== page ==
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Facebook removes Australian lawmaker Craig Kelly’s post about masks after complaints from opposition party

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Facebook has censored Australian lawmaker Craig Kelly by removing one of his posts addressing the consequences of the use of face masks by children.

Kelly, who comes from the country’s ruling party, has previously been denounced by the opposition, who wrote to a local Facebook exec asking that the MP be monitored and if need be censored on the giant social network.

Facebook has recently ramped up policing of its platform for Covid-related information, and now Kelly’s claim contained in the removed post – that forcing children to wear cloths over their faces was tantamount to child abuse – has been declared as “harmful misinformation.”

Kelly recently hinted he may not wish to receive the coronavirus vaccine – to then issue a statement backing government vaccination plans, after PM Scott Morrison intervened in a private conversation. He in the past promoted the use of the drug hydroxyzine, which critics say has no beneficial effect on Covid patients, while others claim the opposite.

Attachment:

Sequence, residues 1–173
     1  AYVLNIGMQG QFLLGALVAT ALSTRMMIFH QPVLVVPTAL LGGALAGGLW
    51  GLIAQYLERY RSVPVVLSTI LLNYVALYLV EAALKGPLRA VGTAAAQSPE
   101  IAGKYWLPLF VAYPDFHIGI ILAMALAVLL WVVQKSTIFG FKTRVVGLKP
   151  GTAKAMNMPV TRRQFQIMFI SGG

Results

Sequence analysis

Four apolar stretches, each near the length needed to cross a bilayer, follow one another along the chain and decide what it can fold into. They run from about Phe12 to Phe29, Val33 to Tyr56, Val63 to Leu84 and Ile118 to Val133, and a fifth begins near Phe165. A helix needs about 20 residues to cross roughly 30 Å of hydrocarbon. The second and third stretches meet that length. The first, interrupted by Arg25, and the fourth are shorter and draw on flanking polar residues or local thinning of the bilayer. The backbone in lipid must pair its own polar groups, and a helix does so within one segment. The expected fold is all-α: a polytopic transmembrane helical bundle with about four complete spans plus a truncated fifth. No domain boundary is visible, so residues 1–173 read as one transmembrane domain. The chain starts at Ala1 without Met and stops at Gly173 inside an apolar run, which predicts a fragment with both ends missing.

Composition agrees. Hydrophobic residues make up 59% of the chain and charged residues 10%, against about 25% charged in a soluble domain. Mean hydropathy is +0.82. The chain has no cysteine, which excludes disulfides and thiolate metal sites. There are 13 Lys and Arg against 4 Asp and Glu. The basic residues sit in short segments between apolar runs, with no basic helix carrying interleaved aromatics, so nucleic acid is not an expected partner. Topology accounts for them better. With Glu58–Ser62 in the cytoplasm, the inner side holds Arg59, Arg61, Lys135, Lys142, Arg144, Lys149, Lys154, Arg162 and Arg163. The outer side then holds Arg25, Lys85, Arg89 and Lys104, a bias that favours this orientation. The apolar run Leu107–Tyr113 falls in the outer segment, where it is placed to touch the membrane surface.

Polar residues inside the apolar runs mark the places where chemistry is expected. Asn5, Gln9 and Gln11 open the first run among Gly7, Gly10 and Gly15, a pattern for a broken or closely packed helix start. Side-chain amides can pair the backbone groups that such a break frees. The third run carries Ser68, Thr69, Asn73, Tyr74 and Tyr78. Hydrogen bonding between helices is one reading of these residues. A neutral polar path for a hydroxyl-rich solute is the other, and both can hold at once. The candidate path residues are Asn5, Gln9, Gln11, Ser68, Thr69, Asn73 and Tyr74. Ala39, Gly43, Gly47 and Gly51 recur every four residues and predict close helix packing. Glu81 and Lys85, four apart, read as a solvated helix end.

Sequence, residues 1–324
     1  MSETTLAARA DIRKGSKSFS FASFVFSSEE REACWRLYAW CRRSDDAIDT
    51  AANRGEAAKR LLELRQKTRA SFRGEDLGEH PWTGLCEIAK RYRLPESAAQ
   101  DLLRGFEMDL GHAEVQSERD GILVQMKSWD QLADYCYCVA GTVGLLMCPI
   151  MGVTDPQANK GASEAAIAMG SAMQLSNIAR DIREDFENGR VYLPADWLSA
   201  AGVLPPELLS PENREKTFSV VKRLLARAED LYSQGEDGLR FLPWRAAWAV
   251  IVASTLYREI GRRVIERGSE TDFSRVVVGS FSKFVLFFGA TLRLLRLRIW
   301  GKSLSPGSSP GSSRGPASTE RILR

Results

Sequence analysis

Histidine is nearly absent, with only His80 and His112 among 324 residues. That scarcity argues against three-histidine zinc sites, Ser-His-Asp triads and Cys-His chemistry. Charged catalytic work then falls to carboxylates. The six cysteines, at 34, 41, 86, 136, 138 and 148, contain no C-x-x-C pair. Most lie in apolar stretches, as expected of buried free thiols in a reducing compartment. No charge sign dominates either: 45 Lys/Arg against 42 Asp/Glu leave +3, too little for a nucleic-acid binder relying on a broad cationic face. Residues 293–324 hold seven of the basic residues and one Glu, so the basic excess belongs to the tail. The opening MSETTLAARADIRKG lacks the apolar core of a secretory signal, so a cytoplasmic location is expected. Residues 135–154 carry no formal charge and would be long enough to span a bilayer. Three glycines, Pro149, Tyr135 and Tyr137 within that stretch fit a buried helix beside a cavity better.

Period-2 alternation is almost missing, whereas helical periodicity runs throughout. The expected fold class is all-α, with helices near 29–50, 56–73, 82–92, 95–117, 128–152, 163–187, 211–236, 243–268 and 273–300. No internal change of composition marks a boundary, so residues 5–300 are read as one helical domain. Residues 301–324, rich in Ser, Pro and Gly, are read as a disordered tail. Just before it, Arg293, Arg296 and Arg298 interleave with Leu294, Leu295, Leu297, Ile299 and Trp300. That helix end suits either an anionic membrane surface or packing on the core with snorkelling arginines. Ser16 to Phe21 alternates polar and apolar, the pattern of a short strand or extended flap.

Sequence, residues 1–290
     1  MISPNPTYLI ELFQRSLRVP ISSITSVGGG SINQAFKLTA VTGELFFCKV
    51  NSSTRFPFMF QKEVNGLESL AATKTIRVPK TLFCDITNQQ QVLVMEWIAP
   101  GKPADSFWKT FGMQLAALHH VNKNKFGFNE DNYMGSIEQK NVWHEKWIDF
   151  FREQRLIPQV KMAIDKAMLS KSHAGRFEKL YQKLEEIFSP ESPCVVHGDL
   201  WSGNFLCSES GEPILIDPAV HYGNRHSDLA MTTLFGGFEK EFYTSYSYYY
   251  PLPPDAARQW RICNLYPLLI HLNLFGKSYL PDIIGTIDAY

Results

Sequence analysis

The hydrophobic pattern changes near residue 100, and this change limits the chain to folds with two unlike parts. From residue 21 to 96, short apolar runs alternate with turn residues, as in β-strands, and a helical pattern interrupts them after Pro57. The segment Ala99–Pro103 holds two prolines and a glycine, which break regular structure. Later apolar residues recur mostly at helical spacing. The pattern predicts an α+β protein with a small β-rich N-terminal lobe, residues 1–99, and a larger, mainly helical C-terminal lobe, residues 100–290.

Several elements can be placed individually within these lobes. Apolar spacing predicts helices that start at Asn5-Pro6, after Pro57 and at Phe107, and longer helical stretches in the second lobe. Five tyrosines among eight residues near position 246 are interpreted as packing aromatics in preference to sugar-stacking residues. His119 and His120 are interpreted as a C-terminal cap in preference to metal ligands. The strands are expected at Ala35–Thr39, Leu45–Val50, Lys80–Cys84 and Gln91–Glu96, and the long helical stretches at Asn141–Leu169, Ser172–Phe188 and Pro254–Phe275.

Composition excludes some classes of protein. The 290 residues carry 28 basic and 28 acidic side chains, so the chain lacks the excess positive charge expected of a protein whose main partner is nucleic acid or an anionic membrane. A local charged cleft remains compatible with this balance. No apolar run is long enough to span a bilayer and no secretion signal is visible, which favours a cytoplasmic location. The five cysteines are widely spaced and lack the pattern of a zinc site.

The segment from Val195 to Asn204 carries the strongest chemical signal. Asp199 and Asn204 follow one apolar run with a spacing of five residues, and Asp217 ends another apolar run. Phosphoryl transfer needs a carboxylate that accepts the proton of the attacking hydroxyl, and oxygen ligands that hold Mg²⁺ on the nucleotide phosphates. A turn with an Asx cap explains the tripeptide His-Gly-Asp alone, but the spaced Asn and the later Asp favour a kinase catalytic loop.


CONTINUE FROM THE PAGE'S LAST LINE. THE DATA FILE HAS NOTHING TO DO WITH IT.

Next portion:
Still, it’s a long way from “no effect” to “causing harm” – which is the pretext under which many social media users, including medical professionals, have been silenced from even discussing this and similar proposed treatments.

Facebook’s director of public policy in Australia, Mia Garlick, is now quoted as saying that the post about children wearing masks violated its “misinformation and harm policy” – but that other posts by Kelly, that the shadow health minister, Mark Butler, “nominated” for deletion in a letter sent to Facebook previously could stay up because they are in line with its terms of service.

According to local media, Kelly’s post that eventually got removed read as follows: “Forcing children to wear masks is causing massive physical and psychological harm that can only be defined as child abuse.”

Kelly’s mask skepticism, stemming from his belief that there is no scientific consensus on their efficacy, announced in January Facebook had threatened to place restrictions on his page with some 80,000 followers unless he removed posts citing Professor Tom Brody’s comment about the use of the drug Ivermectin in Covid treatment.

Kelly eventually did this to keep his page online, but criticized social media for their purges of information they don’t like.

“The accusations against me that I’ve been publishing misinformation are misinformation themselves,” the Australian MP said on one occasion.

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